From the start of January to the middle of February, the robotics team has six weeks to build a functioning robot that can accomplish the tasks assigned to high school teams around the world. Thousands of kids have their mental toughness tested. The highs of winning and the lows of losing are drastic. However, this impressive group of kids wants something bigger for their program. They don't want to be called a club. How it started In 2009, AAHS submitted its final paperwork to For Inspiration and Recognition of Science and Technology FIRST Robotics, a worldwide competition league, and was assigned the number 3313. "The number is the most important thing about your team," head coach Jennie Mounsdon said. "It's what identifies you. It becomes a part of you." AAHS was the 3,313th team around the world to join FIRST Robotics. The coach before Mounsdon worked at Alexandria Technical and Community College in a mechatronics class. He combined that class with his new team and named it 3313 Mechatronics. In 2013, Mounsdon got her first coaching job in Tower before heading back to her hometown of Alexandria. "I don't have a specific expertise like electrical engineering or anything like that," she said. "A lot of this comes down to organization and getting sponsors. If we don't have sponsors, we don't have a team. It's part of my job to make sure everything is worked out on that end." Each member of the team has a different role. One group is in charge of building the robot, and then there is the public relations staff. Each plays a crucial role in the overall operation. 3313 Mechatronics' goal Each season 3313 Mechatronics has to build a brand new robot from scratch. "The game is different every year," sophomore Kailei Johnson said. "We learn what the game is and what we have to do in January and then we have six weeks to build this thing that can compete in the game." With a limited amount of time, 3313 Mechatronics has to make the most of its time in the shop. When Mother Nature brings too much snow for school, it makes the task at hand even more challenging. "Snow days were intensely stressful," Johnson said. "They don't give us those day back to prepare. Usually we want the robot done early so we have time to practice with it. Once those six weeks are up, we can't bring it out unless it's for a promotional event." This year, the team named its robot Scorpion. The game is made up of basic tasks that range in difficulty. Scorpion should be able to pick up large vinyl-sized discs and place them on three different levels. Scorpion also has to be able to pick up rubber balls roughly the size of a basketball and shoot them into three different slots. To round out the game, Scorpion will then attempt to hoist itself up onto boxes at three different heights. The robot is controlled by 3313 Mechatronics veterans Ford Johnson and Logan Filipiak. The team's goal is to qualify for the world tournament in Detroit, but it will have to place well in two regional events to qualify. The first comes this weekend in Grand Forks, North Dakota. The games are set up with three robots competing against three other robots. Schools are randomly paired in qualification matches. Win or lose, teams get ranked by points for how well they did individually. At the end, the top-ranked teams get to pick other teams they want to work with. This is called an alliance. "We have a better chance than in years past," Johnson said. "Even if we aren't one of those top teams, I think we will get picked to be on a team." They have two chances to qualify for the world tournament. After this weekend, they head to one more regional event in Minneapolis at the end of March. The world event is in April. Mechatronics 3313 can qualify for the MSHSL state tournament on May 18 based on the seasonal rankings. The state tournament is separate from the FIRST Robotics organization. Striving for recognition The battle the robotics team endures is not only on the playing field, but within the community. Equipment costs are not cheap. The team relies on its sponsors for support. "The entry fees are thousands of dollars alone," Mounsdon said. "We have a ton of people that help us out, including our main sponsor, 3M. They paid for a lot of this stuff and we are happy to show them what our robot can do." The robotics team held a promotional event a week ago for sponsors and community members, showing off what the robot is capable of and allowing little kids a chance to drive it around the Discovery Middle School hallway. "A lot of people around the area don't know much about our team," Johnson said. "Maybe they've read about us or have seen us in a parade. We just wanted to show people what we do." When most people think of robotics, a sanctioned Minnesota State High School League sport doesn't come to mind. For Mounsdon, it's the stigma about robotics that she hopes to change. "We don't call ourselves a club because that's not what we are," Mounsdon said. "Robotics is one of the largest-growing sports in Minnesota. We put in just as much work as the other sports in this school. I am proud of these kids every year. "We are not a club. We are a team."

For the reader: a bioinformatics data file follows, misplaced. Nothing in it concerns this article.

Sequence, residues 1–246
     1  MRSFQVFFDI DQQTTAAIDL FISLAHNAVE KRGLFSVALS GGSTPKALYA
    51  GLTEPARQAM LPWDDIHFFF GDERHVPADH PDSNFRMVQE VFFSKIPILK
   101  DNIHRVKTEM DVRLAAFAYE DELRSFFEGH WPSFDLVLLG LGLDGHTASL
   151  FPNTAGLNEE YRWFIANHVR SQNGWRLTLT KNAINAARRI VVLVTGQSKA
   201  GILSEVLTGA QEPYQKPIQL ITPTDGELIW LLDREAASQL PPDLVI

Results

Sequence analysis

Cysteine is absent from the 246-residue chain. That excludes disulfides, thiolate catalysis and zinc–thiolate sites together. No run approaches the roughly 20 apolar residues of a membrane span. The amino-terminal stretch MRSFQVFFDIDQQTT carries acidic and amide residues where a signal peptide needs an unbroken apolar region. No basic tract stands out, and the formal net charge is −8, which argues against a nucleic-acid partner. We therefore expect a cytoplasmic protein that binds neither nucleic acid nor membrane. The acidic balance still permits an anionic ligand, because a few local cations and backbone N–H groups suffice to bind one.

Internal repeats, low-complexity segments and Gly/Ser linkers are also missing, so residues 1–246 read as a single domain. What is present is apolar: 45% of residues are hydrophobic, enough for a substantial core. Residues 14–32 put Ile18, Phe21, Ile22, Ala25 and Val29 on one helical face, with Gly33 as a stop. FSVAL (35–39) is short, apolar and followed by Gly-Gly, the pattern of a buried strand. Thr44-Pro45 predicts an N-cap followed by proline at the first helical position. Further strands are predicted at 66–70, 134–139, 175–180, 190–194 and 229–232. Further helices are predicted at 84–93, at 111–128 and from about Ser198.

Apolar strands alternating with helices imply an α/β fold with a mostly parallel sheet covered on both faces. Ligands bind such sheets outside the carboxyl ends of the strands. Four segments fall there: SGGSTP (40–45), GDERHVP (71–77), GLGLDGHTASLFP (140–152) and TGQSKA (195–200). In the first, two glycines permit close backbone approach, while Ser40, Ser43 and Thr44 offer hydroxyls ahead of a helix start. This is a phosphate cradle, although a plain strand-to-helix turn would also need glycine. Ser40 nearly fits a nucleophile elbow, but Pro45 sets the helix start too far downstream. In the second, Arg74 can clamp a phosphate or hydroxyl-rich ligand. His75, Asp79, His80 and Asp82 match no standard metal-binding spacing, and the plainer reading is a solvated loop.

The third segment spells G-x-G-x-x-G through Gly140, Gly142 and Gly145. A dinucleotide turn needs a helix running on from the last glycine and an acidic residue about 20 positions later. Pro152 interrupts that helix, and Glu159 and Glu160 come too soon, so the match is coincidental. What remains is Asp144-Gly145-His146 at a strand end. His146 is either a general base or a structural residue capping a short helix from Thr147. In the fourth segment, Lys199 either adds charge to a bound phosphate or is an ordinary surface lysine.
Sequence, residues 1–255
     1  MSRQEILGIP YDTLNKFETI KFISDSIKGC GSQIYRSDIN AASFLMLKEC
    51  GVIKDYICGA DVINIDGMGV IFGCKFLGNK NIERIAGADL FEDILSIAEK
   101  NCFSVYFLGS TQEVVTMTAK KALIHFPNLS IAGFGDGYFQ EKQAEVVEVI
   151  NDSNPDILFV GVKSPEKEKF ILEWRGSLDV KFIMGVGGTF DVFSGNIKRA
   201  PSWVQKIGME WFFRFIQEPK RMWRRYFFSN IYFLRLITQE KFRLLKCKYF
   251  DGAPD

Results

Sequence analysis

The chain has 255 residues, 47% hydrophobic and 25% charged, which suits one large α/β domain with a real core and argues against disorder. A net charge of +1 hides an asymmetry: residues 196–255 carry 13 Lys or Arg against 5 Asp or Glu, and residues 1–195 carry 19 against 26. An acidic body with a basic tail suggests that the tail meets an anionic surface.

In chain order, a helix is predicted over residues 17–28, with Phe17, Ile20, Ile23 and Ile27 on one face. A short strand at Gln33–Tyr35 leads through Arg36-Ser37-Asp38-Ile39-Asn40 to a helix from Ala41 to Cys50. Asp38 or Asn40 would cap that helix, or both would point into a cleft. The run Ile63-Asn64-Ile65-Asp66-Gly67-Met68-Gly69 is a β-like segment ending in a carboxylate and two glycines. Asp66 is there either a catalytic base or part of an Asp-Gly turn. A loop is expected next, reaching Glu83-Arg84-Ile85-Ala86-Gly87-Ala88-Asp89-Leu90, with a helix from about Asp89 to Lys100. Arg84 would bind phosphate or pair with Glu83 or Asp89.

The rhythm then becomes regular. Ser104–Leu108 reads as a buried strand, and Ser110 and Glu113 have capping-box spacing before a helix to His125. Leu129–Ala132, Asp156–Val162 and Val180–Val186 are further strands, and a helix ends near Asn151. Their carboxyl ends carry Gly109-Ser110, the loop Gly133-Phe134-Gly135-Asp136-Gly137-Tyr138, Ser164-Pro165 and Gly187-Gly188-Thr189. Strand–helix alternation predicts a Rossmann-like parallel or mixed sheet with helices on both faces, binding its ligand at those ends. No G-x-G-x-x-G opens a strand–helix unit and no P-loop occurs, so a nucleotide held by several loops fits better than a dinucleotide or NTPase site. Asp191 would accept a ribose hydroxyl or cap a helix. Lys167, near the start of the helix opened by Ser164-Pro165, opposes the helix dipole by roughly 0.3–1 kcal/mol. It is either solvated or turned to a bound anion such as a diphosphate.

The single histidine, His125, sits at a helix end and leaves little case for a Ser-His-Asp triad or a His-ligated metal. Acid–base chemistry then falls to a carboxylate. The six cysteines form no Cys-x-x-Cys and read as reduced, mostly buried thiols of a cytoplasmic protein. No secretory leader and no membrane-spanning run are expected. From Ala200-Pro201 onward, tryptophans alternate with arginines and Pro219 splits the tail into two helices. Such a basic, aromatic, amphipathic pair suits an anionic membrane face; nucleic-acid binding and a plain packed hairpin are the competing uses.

Indian Creek High School robotics team gears up for competition season